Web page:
Potassium iron(III) oxalate
3D model (JSmol)
|Molar mass||437.20 g/mol (anhydrous)|
491.25 g/mol (trihydrate)
|Appearance||emerald green hydrated crystals|
|Melting point||230 °C (446 °F; 503 K) the trihydrate loses 3H2O at 113 °C|
|Main hazards||Corrosive. Eye, respiratory and skin irritant.|
|R-phrases (outdated)||R20, R21, R22, R34, R36/37/38|
Except where otherwise noted, data are given for materials in their standard state (at 25 °C [77 °F], 100 kPa).
|what is ?)(|
Potassium ferrioxalate is a chemical compound with the formula K
3]. It often occurs as the trihydrate K
3] · 3H2O. Both are crystalline compounds, lime green in colour. , also known as potassium trisoxalatoferrate or potassium tris(oxalato)ferrate(III).
The compound is a salt consisting of ferrioxalate anions, [Fe(C
3]3−, and potassium cations K+. The anion is a transition metal complex consisting of an iron atom in the +3 oxidation state and three bidentate oxalate ions C
4 anions acting as ligands. Potassium acts as a counterion, balancing the −3 charge of the complex. In solution, the salt dissociates to give the ferrioxalate anion, [Fe(C
3]3−, which appears fluorescent green in color.
The ferrioxalate anion is quite stable in the dark, but is decomposed by light and higher-energy electromagnetic radiation. This feature is exploited for chemical actinometry, the measure of light flux, and for the preparation of blueprints.
3 + 3 BaC
4 + 3 K
4 → 2 K
3] + 3 BaSO
The reactants are combined in water, the solid precipitate of BaSO
4 is removed, and the green trihydrate crystallizes from the cooled solution.
3 + 3 K
4 → K
3] + 3 KCl
The structures of the trihydrate and of the anhydrous salt have been extensively studied. which indicates that the Fe(III) is high spin; as the low spin complex would display Jahn–Teller distortions. The ammonium and mixed sodium-potassium salts are isomorphous, as are related complexes with Al3+, Cr3+, and V3+.
The ferrioxalate complex displays helical chirality as it can form two non-superimposable geometries. In accordance with the IUPAC convention, the isomer with the left-handed screw axis is assigned the Greek symbol Λ (lambda). Its mirror image with the right-handed screw axis is given the Greek symbol Δ (delta).
The ferrioxalate anion is sensitive to light and to higher-energy electromagnetic radiation, including X-rays and gamma rays. Absorption of a photon causes the decomposition of one oxalate to carbon dioxide CO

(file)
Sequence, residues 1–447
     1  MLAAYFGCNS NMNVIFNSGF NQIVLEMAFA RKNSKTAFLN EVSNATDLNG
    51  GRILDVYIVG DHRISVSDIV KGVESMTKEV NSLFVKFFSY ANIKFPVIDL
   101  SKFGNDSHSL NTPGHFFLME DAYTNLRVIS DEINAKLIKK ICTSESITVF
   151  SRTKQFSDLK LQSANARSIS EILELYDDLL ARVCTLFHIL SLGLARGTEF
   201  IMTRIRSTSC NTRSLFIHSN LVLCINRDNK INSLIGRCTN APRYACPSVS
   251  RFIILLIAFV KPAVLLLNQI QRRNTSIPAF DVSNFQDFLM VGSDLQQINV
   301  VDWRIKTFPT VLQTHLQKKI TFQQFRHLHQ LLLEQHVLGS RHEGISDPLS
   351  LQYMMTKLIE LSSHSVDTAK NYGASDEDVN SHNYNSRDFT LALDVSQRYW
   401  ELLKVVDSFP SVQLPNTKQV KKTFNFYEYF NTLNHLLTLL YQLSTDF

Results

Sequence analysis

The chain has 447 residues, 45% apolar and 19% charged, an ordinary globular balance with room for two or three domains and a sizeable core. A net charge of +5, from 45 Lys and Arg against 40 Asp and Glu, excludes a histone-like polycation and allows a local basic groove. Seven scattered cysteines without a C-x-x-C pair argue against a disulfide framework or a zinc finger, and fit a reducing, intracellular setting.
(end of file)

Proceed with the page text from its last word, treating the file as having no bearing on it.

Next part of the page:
2 and reduction of the iron(III) atom to iron(II).
The trihydrate loses the three water molecules at the same time when heated at 113 °C.
- 2 K
3] → 2 K
2] + K
4 + 2 CO
This light catalyzed redox reaction once formed the basis of some photographic processes, however due to their insensitivity and the ready availability of digital photography these processes have become obsolete and all but forgotten.
Photometry and actinometry
The discovery of the efficient photolysis of the ferrioxalate anion was a landmark for chemical photochemistry and actinometry. The potassium salt was found to be over 1000 times more sensitive than uranyl oxalate, the compound previously used for these purposes.
The synthesis and thermal decomposition of potassium ferrioxalate is a popular exercise for high school, college or undergraduate university students, since it involves the chemistry of transition metal complexes, visually observable photochemistry, and thermogravimetry.
That was a simple contact-based photographic process that produced a "negative" white-on-blue copy of the original drawing -- a blueprint. The process based on the photolysis of an iron(III) complex that turned it into an insoluble iron(II) version in areas of the paper that were exposed to light.
A number of other iron oxalates are known
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- Performed by Benjamin J. Abram, OSU lab manual, Dr. Richard Nafshun
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- Pablo Alejandro Fiorito and André Sarto Polo (2015): "A New Approach toward Cyanotype Photography Using Tris-(oxalato)ferrate(III): An Integrated Experiment". Journal of Chemical Education, volume 92, issue 10, pages 1721–1724. doi:10.1021/ed500809n
- Mike Ware (2014): Cyanomicon - History, Science and Art of Cyanotype: photographic printing in Prussian blue. Online document at www.academia.edu, published by www.mikeware.co.uk, accessed on 2019-03-29.